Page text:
Gems Random Auditor Method (GRAM):

In a task marketplace with a group of requesters and workers, for each task completed, there is an x% chance that the task will be chosen to be verified.

If a worker’s solution is randomly selected for verification, that solution is sent to a group of verifiers, who then vote and come to a consensus on the solution’s accuracy.

If the solution is deemed incorrect, then that worker is penalized 100/x times his or her Mr.

This potential penalization disincentivizes bad actors and reinforces the accuracy of the Gems network. The math is simple to check out: there’s a 5% chance that you can be penalized 20x what that tasks reward (100/5) — being a malicious actor is not in your best interest.


This leaves us wondering…is there a way to have a verification system without in-protocol penalties and security deposits? Yes!

Gems Implied Reputation Method (GIRM):

In this method, we introduce a verification system sans in-protocol penalties and security deposits. The system is rooted in two equations, one regarding worker fees and one regarding the probability of task verification, that serve to align incentives in the marketplace.

For every task, each worker is charged a fee, which is relative to his or her past N completed tasks: f(N) = 5/6 / sqrt(1 + N * 0.05). This fee decreases as more tasks are completed and thus is a proxy for trust.

Additionally, for every task, there is a probability that it will be sent for verification, also relative to the worker’s past N complete tasks: p(N) = f(N) / (5 * (1 — f(N))).

Here’s a breakdown of how this works out:

On the first task attempted (N=0, as no tasks are successfully completed) the fee is 83% for the first task, with a corresponding probability that the miner is audited 100% of the time. For the second task there’s an 81% fee and 87% probability audit. For the tenth task a 69% fee , with a 42% probability of audit, and 11.6% fee for the 1000th task with a 2.6% chance of audit.

The worker’s work will always be verified the first time, but the probability of verification decreases as more tasks are completed successfully. This system is designed so that the fee exactly pays for the cost of a verification each time. For instance, if a given worker performed 50 tasks, (N = 50), f(50) = 0.445 and p(50) = 0.160. There is a 16% chance that the task will be verified, so on average 1.8 workers need to be paid per task. The extra 0.8 is paid out of the worker’s fee, as 0.8 / 1.8 = 0.445.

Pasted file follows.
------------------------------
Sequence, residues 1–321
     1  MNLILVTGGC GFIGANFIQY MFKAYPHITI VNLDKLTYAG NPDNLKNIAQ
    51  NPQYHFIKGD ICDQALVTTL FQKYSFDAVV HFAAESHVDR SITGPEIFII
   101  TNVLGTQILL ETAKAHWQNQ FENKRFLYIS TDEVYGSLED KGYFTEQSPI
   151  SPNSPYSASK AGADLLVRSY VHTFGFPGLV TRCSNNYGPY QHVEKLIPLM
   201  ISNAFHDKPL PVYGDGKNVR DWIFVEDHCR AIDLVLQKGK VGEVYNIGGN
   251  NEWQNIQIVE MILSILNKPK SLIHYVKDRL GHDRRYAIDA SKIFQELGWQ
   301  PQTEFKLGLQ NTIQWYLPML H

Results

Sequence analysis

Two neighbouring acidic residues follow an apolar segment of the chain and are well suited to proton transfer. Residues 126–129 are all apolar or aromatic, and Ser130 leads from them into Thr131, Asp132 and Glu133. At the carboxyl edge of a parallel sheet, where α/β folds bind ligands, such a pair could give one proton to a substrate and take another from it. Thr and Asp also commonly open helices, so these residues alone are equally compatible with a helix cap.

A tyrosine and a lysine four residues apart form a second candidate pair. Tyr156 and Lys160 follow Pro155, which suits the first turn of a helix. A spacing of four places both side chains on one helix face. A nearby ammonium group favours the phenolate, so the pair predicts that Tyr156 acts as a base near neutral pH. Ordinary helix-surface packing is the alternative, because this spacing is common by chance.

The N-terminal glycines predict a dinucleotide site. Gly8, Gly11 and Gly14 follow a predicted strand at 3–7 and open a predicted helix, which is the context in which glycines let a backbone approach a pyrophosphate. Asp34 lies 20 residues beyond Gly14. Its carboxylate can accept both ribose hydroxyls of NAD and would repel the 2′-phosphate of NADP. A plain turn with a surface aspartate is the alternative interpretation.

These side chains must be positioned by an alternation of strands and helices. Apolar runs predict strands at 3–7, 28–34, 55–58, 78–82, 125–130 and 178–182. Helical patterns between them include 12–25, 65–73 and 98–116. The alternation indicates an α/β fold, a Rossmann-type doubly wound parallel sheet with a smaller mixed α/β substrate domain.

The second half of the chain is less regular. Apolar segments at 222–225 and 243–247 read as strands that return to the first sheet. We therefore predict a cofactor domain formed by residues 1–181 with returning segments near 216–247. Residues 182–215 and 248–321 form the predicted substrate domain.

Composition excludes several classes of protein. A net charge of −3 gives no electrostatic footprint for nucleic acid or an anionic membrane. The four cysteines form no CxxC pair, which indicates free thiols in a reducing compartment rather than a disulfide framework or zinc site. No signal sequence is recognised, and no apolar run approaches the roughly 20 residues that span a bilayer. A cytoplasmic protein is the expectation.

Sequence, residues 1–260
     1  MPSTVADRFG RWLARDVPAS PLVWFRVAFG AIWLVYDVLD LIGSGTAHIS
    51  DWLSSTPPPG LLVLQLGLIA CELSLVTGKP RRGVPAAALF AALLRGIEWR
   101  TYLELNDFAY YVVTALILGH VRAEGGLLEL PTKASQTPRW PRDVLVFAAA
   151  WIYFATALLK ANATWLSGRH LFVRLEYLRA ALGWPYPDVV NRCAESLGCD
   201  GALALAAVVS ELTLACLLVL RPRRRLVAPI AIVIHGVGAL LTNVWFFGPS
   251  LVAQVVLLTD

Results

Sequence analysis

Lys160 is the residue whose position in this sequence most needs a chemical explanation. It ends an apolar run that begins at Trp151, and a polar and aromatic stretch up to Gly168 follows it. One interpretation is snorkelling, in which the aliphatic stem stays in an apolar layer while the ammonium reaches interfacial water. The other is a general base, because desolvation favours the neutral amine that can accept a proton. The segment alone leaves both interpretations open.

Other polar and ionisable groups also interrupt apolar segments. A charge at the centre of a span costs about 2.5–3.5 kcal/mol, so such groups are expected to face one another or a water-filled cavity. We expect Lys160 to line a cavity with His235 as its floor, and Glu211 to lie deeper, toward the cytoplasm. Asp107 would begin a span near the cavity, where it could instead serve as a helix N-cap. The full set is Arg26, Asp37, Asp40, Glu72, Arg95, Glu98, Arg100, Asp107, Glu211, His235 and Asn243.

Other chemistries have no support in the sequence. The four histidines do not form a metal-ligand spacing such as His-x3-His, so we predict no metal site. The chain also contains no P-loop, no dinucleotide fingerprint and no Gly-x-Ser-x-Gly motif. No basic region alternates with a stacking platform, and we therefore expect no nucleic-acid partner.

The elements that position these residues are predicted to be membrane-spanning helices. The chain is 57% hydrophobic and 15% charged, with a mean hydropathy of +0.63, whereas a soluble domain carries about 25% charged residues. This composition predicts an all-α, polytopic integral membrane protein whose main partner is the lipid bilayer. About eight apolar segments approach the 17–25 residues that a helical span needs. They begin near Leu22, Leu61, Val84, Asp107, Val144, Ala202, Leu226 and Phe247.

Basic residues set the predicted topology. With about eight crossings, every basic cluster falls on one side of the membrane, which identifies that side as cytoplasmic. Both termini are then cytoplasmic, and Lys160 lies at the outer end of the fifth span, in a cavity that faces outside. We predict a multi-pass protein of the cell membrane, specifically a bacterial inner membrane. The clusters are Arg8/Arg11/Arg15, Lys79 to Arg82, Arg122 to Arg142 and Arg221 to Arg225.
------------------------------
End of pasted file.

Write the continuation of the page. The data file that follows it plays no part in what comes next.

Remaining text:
If the worker performs badly, then he will not only lose his reward, but his N value will also be replaced by floor(N / 2). This disincentivizes workers from performing poorly, as their fees and odds of verification increase as a result. To check to see if this is a proper disincentivization, we can tally the total penalty the miner suffers by looking at the loss of Mr plus the sum of f(k) for k in floor(N/2) … N — 1 which represents the fees that will be needed to paid again in the event of floor(N/2); this net penalty multiplied by the probability of getting caught always exceeds 1.


If anyone wants food for thought, there’s a further twist on the above: Perhaps verification doesn’t occur probabilistically, but only when the requester asks.

We can also introduce a mechanism in which the requester can commission a verifier post task completion. The requester pays $x to commission a verifier. If the verifier confirms that the task is completed well, the requester loses $x. However, if the verifier confirms that the task was performed poorly, then the requester receives $2x back, and the worker’s N is reduced by 2x * sqrt(N). In both cases, $x is lost, which goes to the verifier.


Gems would like to release it’s alpha, make an impact, and iterate along the way. The alpha will include a combination of GRAM and GRIM, and we will improve it over time. Ultimately, as described in the white paper, requesters will be able to decide how they want their work verified. The team is actively working on building the alpha, which we will announce soon — you won’t want to miss it!

The above methods are all possibilities for Gems, and we’d like to thank the community for their continual help in development and refinement. With that being said, not every Gems Protocol integration described will be implemented 100% as described, as there is ongoing development discussions.

Thanks for reading this far! Maybe you have a few ideas after reading? Perhaps you’d like to help contribute to Gems? Feel free to reach out:

Contribute to the Gems Discussion:

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The Protocol for Micro Task Marketplaces

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Rory O'Reilly

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Dropout @Harvard | Founder @Expand | Founder @ gifs.com | Thiel Fellow | 30 < 30

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The Protocol for Micro Task Marketplaces